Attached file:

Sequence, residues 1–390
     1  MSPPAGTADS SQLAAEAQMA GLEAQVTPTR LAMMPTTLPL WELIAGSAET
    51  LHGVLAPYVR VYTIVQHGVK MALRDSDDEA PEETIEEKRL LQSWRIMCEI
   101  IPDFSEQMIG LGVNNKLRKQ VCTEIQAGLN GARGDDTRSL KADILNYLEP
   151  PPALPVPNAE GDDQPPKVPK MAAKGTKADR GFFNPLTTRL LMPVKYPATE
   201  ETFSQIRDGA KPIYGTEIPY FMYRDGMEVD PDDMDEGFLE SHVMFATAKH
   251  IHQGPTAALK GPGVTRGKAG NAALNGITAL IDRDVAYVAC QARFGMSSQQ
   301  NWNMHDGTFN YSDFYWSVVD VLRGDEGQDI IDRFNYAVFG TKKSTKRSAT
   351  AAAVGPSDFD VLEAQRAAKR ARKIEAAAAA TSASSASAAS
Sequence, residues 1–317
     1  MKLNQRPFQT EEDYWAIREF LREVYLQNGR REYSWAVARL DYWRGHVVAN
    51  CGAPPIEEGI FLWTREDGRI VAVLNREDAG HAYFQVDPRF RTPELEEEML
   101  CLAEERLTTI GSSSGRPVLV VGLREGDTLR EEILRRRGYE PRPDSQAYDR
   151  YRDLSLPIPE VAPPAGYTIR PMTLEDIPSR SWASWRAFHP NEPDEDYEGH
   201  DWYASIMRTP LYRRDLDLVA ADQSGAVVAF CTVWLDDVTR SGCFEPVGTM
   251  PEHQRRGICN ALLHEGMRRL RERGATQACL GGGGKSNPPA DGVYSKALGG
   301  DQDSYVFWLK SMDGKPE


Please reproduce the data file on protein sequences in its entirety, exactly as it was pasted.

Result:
Sequence, residues 1–390
     1  MSPPAGTADS SQLAAEAQMA GLEAQVTPTR LAMMPTTLPL WELIAGSAET
    51  LHGVLAPYVR VYTIVQHGVK MALRDSDDEA PEETIEEKRL LQSWRIMCEI
   101  IPDFSEQMIG LGVNNKLRKQ VCTEIQAGLN GARGDDTRSL KADILNYLEP
   151  PPALPVPNAE GDDQPPKVPK MAAKGTKADR GFFNPLTTRL LMPVKYPATE
   201  ETFSQIRDGA KPIYGTEIPY FMYRDGMEVD PDDMDEGFLE SHVMFATAKH
   251  IHQGPTAALK GPGVTRGKAG NAALNGITAL IDRDVAYVAC QARFGMSSQQ
   301  NWNMHDGTFN YSDFYWSVVD VLRGDEGQDI IDRFNYAVFG TKKSTKRSAT
   351  AAAVGPSDFD VLEAQRAAKR ARKIEAAAAA TSASSASAAS
Sequence, residues 1–317
     1  MKLNQRPFQT EEDYWAIREF LREVYLQNGR REYSWAVARL DYWRGHVVAN
    51  CGAPPIEEGI FLWTREDGRI VAVLNREDAG HAYFQVDPRF RTPELEEEML
   101  CLAEERLTTI GSSSGRPVLV VGLREGDTLR EEILRRRGYE PRPDSQAYDR
   151  YRDLSLPIPE VAPPAGYTIR PMTLEDIPSR SWASWRAFHP NEPDEDYEGH
   201  DWYASIMRTP LYRRDLDLVA ADQSGAVVAF CTVWLDDVTR SGCFEPVGTM
   251  PEHQRRGICN ALLHEGMRRL RERGATQACL GGGGKSNPPA DGVYSKALGG
   301  DQDSYVFWLK SMDGKPE